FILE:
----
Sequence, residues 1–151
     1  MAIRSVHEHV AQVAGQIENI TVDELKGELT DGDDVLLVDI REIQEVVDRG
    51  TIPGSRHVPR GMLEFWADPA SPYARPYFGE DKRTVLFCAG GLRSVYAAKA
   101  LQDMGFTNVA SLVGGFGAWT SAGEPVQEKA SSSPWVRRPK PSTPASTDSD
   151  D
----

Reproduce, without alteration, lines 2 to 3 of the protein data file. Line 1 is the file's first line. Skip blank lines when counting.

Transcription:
     1  MAIRSVHEHV AQVAGQIENI TVDELKGELT DGDDVLLVDI REIQEVVDRG
    51  TIPGSRHVPR GMLEFWADPA SPYARPYFGE DKRTVLFCAG GLRSVYAAKA